No matter where you go in Tahiti, there are fun and fascinating adventures that await you, whether it’s checking out the beautiful landscapes and wildlife, or simply enjoying the quiet, pure beaches with the natives. If you consider yourself to be a world traveler, Tahiti should most definitely be on your bucket list.


No matter where you go in Tahiti, there are fun and fascinating adventures that await you.
No matter where you go in Tahiti, there are fun and fascinating adventures that await you.

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The Importance of Offshore Regulation in Australia

The Importance of Offshore Regulation in Australia

By Stuart Smith – CEO, National Offshore Petroleum Safety and Environmental Management Authority (NOPSEMA)

In Australia, areas beyond three nautical miles of the shoreline of a state or territory fall under Commonwealth (federal) jurisdiction, which is also where the vast majority of Australia’s conventional oil and gas resources are located. The National Offshore Petroleum Safety and Environmental Management Authority (NOPSEMA) is the independent regulator for safety, well integrity and environmental management for oil and gas operations in Commonwealth waters. Offshore projects regulated by NOPSEMA include Esso’s operations in the Bass Strait, the Northwest Shelf Project operated by Woodside, and the Gorgon project operated by Chevron, together with an extensive range of other exploration and production operations, and large scale projects under development.

NOPSEMA recognises the economic importance of the oil and gas industry to Australia, but our independent risk based regulatory functions are entirely separate from the resource promotion and economic elements of the regime. This separation of responsibilities avoids the potential conflicts of interest that may otherwise arise. As an independent statutory authority, we are also free of political influence which enables us to consistently make merit-based regulatory decisions. This is supported by independent reviews undertaken during 2015 which found NOPSEMA to be a robust, rigorous and competent regulator.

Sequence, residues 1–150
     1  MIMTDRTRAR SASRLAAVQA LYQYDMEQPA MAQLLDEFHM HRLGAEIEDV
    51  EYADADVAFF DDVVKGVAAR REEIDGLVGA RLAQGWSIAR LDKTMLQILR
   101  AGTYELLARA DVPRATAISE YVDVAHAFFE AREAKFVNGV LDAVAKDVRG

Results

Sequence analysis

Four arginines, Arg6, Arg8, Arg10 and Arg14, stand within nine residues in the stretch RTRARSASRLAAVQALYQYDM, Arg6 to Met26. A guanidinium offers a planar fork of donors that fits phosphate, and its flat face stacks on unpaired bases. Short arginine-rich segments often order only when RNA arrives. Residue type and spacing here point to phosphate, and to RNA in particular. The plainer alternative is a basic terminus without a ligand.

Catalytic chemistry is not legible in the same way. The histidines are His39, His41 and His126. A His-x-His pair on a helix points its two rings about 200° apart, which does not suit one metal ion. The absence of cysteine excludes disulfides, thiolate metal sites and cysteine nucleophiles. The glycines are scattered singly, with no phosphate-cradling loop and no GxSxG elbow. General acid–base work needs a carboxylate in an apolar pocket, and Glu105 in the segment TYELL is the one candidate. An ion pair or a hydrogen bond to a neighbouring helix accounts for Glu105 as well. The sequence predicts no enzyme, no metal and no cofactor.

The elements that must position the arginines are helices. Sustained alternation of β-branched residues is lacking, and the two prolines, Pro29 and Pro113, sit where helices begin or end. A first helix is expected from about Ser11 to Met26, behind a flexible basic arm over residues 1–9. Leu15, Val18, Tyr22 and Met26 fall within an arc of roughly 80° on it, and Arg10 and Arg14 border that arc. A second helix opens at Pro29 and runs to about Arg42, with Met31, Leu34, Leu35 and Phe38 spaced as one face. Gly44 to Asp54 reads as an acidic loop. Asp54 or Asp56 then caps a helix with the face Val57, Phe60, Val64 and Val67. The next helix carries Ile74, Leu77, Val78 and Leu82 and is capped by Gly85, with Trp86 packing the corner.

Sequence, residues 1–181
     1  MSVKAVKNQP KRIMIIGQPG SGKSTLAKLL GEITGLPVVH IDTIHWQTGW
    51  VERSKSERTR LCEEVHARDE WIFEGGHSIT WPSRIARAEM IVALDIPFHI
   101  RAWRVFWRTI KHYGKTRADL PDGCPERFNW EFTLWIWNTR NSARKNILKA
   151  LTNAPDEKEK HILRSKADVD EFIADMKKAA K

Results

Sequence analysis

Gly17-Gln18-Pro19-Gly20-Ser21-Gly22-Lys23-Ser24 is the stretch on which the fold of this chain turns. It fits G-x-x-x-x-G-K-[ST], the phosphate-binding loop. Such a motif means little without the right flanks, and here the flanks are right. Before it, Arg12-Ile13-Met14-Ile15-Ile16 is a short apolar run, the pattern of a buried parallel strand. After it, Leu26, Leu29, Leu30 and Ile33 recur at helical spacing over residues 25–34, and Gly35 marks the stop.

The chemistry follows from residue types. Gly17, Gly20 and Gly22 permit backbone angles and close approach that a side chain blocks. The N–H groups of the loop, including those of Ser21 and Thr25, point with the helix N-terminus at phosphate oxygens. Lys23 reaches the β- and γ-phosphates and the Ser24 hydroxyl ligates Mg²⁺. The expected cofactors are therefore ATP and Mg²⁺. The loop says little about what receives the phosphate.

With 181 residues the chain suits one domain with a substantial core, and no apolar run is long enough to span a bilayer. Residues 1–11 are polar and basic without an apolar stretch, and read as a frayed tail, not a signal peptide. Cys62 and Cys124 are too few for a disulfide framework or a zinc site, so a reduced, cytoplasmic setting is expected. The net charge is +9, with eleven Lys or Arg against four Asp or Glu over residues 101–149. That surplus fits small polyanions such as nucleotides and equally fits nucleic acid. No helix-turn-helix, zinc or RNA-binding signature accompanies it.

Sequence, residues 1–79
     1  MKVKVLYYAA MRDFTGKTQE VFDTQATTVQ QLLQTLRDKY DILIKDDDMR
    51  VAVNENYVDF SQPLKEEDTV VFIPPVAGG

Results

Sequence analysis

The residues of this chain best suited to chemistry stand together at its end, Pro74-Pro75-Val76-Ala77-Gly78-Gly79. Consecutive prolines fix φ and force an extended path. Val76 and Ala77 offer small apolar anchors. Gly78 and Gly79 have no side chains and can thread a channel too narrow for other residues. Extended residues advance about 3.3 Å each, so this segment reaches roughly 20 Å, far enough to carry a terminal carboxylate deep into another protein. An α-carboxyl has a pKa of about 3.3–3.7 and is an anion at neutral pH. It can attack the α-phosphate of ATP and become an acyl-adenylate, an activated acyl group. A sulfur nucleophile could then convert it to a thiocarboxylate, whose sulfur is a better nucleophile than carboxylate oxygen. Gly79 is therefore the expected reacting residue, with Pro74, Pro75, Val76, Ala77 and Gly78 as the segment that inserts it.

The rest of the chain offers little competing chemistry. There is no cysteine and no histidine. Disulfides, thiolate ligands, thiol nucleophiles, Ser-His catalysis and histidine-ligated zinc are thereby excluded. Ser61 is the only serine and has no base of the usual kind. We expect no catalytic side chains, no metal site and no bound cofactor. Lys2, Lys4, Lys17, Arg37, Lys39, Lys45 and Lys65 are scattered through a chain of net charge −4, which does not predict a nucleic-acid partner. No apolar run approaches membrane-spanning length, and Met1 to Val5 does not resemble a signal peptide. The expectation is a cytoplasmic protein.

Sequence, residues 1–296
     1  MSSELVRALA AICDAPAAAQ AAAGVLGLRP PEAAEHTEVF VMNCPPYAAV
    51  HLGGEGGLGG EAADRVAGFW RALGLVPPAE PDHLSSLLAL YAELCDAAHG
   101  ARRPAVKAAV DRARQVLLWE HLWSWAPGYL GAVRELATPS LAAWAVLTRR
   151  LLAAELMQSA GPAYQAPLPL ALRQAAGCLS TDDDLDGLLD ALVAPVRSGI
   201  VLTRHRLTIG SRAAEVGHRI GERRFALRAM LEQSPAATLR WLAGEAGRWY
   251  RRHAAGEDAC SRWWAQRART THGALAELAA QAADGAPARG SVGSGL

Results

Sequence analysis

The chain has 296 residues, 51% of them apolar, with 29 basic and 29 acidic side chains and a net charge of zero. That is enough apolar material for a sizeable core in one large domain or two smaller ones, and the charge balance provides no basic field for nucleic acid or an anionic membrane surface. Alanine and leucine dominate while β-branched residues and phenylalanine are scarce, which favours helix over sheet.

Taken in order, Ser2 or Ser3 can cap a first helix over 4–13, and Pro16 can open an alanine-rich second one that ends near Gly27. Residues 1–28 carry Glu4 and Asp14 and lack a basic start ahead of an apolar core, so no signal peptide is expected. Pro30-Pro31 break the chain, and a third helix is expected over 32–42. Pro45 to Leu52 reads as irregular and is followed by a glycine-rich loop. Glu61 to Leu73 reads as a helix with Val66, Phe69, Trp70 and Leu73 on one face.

NOPSEMA regulates under an objective-based regime which I consider is the best way to achieve strong safety and environmental outcomes. Objective-based regulation is an alternative model to prescriptive-based regulation and has been proven internationally to be particularly effective in managing high hazard and technically complex industries. It was introduced to the oil and gas industry following the Piper Alpha incident in the North Sea in 1988 which saw 167 people lose their lives.

While the current lower oil and gas prices have resulted in a reduction in activity levels, there remains a core body of regulatory effort required to maintain effective oversight of the offshore oil and gas industry. As with all stages of oil and gas operations, there is also a need to ensure that as projects move from the development phase into production that risks are managed appropriately. Across industry in the current climate, it is crucial that any job losses or cost cutting do not lead to a reduction in safety and environmental performance or outcomes. We have not found this to be the case in Australia which is a credit to the industry. Nevertheless, we are continuing to monitor this issue through our rigorous compliance monitoring program. The number of annual inspections has increased since NOPSEMA’s establishment in 2012. A total of 195 inspections were conducted across our safety, integrity and environmental management functions during 2015.

There is still more work that needs to be done by industry to ensure that consultation practices are providing the right information, to the right person, at the right time. During preparation of an environment plan, consultation must be undertaken with relevant persons who may be affected by an activity. Companies must demonstrate to NOPSEMA how these views have been, and will be, taken into account. Effective consultation is not only a regulatory requirement, but also an essential part of companies obtaining and maintaining their social licence to operate.